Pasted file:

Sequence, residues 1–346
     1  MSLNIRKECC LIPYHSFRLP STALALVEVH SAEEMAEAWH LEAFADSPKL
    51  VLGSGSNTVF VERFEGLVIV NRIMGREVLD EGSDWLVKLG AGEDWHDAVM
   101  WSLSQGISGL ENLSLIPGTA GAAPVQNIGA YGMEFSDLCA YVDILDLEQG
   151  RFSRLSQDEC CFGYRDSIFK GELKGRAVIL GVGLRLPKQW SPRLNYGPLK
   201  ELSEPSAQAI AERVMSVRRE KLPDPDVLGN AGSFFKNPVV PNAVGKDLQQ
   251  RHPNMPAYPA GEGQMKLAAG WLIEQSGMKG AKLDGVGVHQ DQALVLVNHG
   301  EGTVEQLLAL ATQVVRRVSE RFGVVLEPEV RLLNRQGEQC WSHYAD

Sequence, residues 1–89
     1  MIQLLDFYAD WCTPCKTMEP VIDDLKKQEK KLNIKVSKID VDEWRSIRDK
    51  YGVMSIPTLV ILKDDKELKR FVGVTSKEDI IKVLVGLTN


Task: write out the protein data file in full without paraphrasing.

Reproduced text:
Sequence, residues 1–346
     1  MSLNIRKECC LIPYHSFRLP STALALVEVH SAEEMAEAWH LEAFADSPKL
    51  VLGSGSNTVF VERFEGLVIV NRIMGREVLD EGSDWLVKLG AGEDWHDAVM
   101  WSLSQGISGL ENLSLIPGTA GAAPVQNIGA YGMEFSDLCA YVDILDLEQG
   151  RFSRLSQDEC CFGYRDSIFK GELKGRAVIL GVGLRLPKQW SPRLNYGPLK
   201  ELSEPSAQAI AERVMSVRRE KLPDPDVLGN AGSFFKNPVV PNAVGKDLQQ
   251  RHPNMPAYPA GEGQMKLAAG WLIEQSGMKG AKLDGVGVHQ DQALVLVNHG
   301  EGTVEQLLAL ATQVVRRVSE RFGVVLEPEV RLLNRQGEQC WSHYAD

Sequence, residues 1–89
     1  MIQLLDFYAD WCTPCKTMEP VIDDLKKQEK KLNIKVSKID VDEWRSIRDK
    51  YGVMSIPTLV ILKDDKELKR FVGVTSKEDI IKVLVGLTN